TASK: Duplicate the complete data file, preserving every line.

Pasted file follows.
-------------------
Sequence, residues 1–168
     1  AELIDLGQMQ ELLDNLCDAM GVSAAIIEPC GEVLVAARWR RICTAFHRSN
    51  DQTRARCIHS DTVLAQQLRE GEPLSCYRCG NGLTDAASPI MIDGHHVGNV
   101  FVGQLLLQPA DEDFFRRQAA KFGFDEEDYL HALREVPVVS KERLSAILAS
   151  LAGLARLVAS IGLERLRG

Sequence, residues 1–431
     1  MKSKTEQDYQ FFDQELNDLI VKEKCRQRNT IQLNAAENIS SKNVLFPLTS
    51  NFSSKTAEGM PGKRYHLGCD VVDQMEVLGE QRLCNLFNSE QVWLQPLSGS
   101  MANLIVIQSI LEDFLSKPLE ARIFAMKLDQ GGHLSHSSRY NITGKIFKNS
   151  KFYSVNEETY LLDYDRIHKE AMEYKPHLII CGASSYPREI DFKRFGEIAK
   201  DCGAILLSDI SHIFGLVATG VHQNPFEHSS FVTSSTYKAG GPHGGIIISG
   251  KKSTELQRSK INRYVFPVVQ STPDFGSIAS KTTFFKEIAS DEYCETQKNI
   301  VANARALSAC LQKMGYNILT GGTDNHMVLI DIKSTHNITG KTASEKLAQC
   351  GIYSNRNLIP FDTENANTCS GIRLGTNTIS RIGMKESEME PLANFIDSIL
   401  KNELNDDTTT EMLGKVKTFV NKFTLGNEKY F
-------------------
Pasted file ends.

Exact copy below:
Sequence, residues 1–168
     1  AELIDLGQMQ ELLDNLCDAM GVSAAIIEPC GEVLVAARWR RICTAFHRSN
    51  DQTRARCIHS DTVLAQQLRE GEPLSCYRCG NGLTDAASPI MIDGHHVGNV
   101  FVGQLLLQPA DEDFFRRQAA KFGFDEEDYL HALREVPVVS KERLSAILAS
   151  LAGLARLVAS IGLERLRG

Sequence, residues 1–431
     1  MKSKTEQDYQ FFDQELNDLI VKEKCRQRNT IQLNAAENIS SKNVLFPLTS
    51  NFSSKTAEGM PGKRYHLGCD VVDQMEVLGE QRLCNLFNSE QVWLQPLSGS
   101  MANLIVIQSI LEDFLSKPLE ARIFAMKLDQ GGHLSHSSRY NITGKIFKNS
   151  KFYSVNEETY LLDYDRIHKE AMEYKPHLII CGASSYPREI DFKRFGEIAK
   201  DCGAILLSDI SHIFGLVATG VHQNPFEHSS FVTSSTYKAG GPHGGIIISG
   251  KKSTELQRSK INRYVFPVVQ STPDFGSIAS KTTFFKEIAS DEYCETQKNI
   301  VANARALSAC LQKMGYNILT GGTDNHMVLI DIKSTHNITG KTASEKLAQC
   351  GIYSNRNLIP FDTENANTCS GIRLGTNTIS RIGMKESEME PLANFIDSIL
   401  KNELNDDTTT EMLGKVKTFV NKFTLGNEKY F